This was a victory mostly in that it wasn’t much about Ms. Cheney at all. It was instead the party sending a message that it remains a big tent and isn’t going to grant or revoke membership purely on fealty to one politician, Donald Trump. Just as important, it was the party stomping on the new Democratic and media strategy to cast the entire GOP as extremists and kooks.

Ms. Cheney, chairman of the House Republican Conference, had managed to irk more than a few of her colleagues over the past year, particularly with her decision last spring to back a primary opponent of a House colleague. This frustration boiled over when Ms. Cheney voted with House Democrats to impeach Donald Trump and issued an aggressive statement that even many of her backers felt inflamed the left’s bonfire.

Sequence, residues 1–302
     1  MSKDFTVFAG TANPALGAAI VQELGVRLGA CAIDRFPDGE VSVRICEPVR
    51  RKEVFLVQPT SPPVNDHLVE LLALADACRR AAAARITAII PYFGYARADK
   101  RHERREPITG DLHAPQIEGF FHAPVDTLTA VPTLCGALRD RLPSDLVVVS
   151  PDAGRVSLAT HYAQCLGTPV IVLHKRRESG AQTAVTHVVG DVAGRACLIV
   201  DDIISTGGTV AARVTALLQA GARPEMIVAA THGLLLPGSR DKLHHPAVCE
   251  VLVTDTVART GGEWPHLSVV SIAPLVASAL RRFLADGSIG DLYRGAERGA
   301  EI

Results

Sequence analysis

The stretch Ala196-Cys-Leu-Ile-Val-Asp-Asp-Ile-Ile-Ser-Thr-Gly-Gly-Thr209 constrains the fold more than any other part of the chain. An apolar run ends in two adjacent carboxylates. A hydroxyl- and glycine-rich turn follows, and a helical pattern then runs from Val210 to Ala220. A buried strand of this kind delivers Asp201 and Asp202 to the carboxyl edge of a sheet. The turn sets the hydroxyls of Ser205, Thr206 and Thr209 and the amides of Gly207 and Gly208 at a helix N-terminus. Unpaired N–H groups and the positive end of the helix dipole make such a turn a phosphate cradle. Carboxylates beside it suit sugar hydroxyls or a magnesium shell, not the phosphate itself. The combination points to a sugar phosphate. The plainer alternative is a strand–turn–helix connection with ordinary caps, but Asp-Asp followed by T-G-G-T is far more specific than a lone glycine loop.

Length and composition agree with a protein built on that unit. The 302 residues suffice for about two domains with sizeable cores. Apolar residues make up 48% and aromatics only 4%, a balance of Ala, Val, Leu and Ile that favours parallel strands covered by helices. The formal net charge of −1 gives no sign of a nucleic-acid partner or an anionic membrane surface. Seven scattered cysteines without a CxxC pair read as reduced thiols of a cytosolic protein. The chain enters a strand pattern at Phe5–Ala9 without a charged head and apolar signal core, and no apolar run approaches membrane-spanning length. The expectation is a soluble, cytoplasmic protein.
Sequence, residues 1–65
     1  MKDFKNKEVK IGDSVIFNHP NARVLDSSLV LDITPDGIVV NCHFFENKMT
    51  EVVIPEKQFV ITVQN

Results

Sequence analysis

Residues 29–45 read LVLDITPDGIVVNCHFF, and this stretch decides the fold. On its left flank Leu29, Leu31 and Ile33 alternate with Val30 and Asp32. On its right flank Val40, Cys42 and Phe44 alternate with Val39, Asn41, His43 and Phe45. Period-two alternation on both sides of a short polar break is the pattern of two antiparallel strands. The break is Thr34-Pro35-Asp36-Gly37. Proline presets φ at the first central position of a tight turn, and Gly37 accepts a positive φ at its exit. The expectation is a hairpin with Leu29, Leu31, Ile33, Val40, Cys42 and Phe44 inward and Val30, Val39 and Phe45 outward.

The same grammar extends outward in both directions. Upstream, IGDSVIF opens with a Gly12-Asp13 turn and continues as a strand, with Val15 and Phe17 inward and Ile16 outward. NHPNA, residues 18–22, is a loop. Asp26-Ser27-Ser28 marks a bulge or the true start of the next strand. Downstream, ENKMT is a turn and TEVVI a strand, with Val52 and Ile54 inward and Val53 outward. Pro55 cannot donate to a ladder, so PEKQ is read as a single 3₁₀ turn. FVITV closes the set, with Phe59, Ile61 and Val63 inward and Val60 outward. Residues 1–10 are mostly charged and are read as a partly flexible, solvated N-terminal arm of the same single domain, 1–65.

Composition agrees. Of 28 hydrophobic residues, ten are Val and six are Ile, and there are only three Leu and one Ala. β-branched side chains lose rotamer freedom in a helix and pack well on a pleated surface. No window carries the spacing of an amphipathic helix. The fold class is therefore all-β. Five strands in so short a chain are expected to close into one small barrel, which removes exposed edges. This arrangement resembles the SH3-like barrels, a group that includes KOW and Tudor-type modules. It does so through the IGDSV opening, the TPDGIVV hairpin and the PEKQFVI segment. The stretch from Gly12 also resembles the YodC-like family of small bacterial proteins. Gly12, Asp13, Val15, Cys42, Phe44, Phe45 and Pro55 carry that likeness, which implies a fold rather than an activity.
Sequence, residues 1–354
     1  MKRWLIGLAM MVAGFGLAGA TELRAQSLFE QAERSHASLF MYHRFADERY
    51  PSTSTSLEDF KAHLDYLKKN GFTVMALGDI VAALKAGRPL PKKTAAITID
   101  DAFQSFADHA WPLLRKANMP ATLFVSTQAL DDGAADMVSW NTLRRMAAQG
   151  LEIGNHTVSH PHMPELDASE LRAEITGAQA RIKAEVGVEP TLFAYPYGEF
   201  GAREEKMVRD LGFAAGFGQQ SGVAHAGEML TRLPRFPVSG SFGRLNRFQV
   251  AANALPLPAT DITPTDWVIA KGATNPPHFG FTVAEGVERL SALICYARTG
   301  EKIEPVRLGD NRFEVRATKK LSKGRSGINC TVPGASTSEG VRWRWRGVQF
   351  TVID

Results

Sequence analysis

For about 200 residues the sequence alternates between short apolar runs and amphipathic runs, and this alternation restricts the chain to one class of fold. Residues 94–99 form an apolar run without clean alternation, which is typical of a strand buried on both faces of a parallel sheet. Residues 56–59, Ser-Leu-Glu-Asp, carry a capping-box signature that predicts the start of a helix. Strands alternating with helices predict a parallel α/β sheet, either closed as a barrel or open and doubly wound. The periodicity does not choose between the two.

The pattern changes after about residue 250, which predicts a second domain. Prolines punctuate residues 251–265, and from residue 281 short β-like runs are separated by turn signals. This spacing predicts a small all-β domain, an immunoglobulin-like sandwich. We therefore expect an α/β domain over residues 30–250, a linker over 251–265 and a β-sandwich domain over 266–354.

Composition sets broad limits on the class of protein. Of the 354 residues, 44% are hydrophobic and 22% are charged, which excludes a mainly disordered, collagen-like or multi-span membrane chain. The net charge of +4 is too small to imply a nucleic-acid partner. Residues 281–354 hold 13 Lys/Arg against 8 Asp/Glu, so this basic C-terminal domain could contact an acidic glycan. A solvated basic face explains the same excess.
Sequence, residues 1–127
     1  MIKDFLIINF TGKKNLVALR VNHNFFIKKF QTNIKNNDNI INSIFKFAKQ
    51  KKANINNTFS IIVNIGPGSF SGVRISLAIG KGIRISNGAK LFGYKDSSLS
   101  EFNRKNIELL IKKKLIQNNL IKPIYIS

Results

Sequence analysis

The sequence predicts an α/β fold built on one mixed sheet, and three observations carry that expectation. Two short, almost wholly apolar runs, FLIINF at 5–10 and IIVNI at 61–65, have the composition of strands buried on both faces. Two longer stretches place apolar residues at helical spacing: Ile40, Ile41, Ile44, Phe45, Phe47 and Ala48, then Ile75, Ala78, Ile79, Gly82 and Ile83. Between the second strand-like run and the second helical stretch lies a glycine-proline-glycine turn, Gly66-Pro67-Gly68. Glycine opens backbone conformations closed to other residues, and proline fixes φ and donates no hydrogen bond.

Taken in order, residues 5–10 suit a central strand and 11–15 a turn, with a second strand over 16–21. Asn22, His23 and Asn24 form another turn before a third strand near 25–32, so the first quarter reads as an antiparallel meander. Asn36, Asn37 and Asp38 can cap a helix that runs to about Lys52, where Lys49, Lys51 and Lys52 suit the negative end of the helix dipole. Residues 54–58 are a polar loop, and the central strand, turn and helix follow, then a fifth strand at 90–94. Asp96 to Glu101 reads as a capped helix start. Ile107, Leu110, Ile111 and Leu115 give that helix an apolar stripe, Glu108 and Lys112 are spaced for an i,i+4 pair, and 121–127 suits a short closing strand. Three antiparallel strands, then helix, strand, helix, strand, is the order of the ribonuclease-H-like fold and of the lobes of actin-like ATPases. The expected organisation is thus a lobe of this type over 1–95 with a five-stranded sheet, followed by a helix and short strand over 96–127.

Minority Leader Kevin McCarthy could have tried to paper over this divide. Instead on Wednesday he held a four-hour meeting in which members aired their grievances. He then delivered an impassioned closing speech laying out the bigger stakes—the need for the party to get past November, to focus on the Biden agenda, and to win the majority next year. The pitch ruled the day; the vote to retain Ms. Cheney was reportedly 145-61. Even many of those who voted against her did so out of broader beefs with her leadership rather than as a Trump purity test.